How the software works

The flowchart below outlines how our current software is written.

The software operates with several processes running at one time.  It starts after initializing several cogs (starts parallel processing).  There are 4 processes running at the same time.  These processes are collecting data from the controller inputs(gimbals, buttons, & toggle switches).  This data is then stored as a variable for the XBee(Cog) to retrieve and transmit.  Each Cog is constantly repeating these tasks.  As a result we have a collective effort in collecting, storing, & then transmitting all the data via the XBee. 

Developing a elaborate menu for the controllers was something we decided against doing.  Instead we think users would get more use out of snippets of code.  These can be coded together to develop a menu that fits your application.  A little bit of work involved, but in the end you have a more efficient controller.  We are working on adding a forum to our site with examples we create and a place for contributions from users.  We are planning this builds a database of some good examples and at the same time shares programs/projects. 

Parallax.com also has an extensive object library which contains source code for many different types of devices.

What programming languages can I use?

The Propeller has two native programming languages: Spin and Propeller Assembly. They can be used together, or Spin can be used by itself.

Spin:  is the high-level object-based language Parallax designed specifically for the Propeller chip. Spin provides control of the Propeller's multicore hardware and encourages the principles of the Propeller's real-time application design in ways that were not represented by existing languages. Spin was inspired by portions of C, Delphi, and Python, and a host of problem/solution scenarios explored by its designers.

Propeller Assembly:  is the low-level 32-bit instruction set designed specifically for the Propeller chip. Though most of this language's instructions will be familiar to experienced assembly programmers, there are many that are specific to the Propeller's multicore architecture and a few features are unique to the language.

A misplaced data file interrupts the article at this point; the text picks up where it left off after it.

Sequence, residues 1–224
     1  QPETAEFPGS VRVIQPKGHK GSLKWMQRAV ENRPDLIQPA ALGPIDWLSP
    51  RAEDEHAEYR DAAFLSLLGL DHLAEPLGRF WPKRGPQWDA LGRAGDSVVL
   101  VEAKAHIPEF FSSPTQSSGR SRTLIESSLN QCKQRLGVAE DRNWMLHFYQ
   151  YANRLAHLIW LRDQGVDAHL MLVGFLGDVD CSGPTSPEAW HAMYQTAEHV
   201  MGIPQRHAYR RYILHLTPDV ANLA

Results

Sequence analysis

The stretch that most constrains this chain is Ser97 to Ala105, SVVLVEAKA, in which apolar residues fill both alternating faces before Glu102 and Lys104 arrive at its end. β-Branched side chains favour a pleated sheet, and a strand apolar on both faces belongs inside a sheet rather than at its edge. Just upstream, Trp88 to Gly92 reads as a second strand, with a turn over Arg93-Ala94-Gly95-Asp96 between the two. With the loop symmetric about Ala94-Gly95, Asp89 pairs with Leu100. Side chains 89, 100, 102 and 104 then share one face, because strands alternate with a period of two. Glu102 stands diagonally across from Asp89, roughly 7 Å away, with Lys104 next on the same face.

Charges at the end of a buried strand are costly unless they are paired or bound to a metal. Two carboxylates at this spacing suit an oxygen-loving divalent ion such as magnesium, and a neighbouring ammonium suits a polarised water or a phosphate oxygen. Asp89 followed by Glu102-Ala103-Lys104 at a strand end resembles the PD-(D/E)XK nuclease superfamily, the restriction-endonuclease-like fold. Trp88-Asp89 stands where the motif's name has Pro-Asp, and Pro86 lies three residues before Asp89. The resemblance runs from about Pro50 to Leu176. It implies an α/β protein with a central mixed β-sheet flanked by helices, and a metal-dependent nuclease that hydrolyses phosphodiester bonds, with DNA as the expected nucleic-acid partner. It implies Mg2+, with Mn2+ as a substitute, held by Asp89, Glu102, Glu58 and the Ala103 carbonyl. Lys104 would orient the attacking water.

And recently released. 

Propeller GCC(Beta):  The Propeller GCC Compiler tool-chain is an open-source, multi-OS, and multi-lingual compiler that targets the Parallax Propeller's unique multicore architecture.  Using the Large Memory Model (LMM) and Extended Memory Model (XMM) gives the developer the ability to write C or C++ programs that run faster than Spin or exceed Spin's 32 KB program size limit, respectively.  Additionally, Parallax will be publishing tutorials on learn.parallax.com to provide experience to new developers interested in learning how to develop embedded applications in C or C++.   Experienced C or C++ programmers can check out more info on Propeller GCC

The current software uses Spin and assembly mix for the main program as well as supporting objects.  Since the recent release of GCC we plan to have a C/C++ version available by the Sept. delivery date.

How and where are they made?

All manufacturing happens in our Tooling & Die shop located just outside of Chicago.  This allows us to control the manufacturing process to allow for the best fabricated product.  We also use a local anodizing company for the final finish on the controllers. 

At this time we out source the manufacturing and the assembly of our boards overseas.  This is something we want to do in house, and are working on a way to accomplish this.

Reward Details/Info

Each controller shipped is a kit.  It does require assembly, a 1/16" & .050" Allen wrench are included.  Minor soldering will be required (We are trying to eliminate or limit this as much as possible).  Assembly consists of putting the controller together and plugging everything in.  The boards will be ready to use, tested, and even preloaded with a full functioning program.

*At the end of the project we will ask you for your choice for black or clear anodizing.

Things not included in the kit.

  • XBee Modules. 
  • Battery -- There will be a 9V 6" battery snap lead included.  (The snap lead can be cut off and replaced with any battery connector.) 

Thanks for checking out our project.                                                              Quantum Robotics Crew

FAQ

Have a question? If the info above doesn't help, you can ask the project creator directly.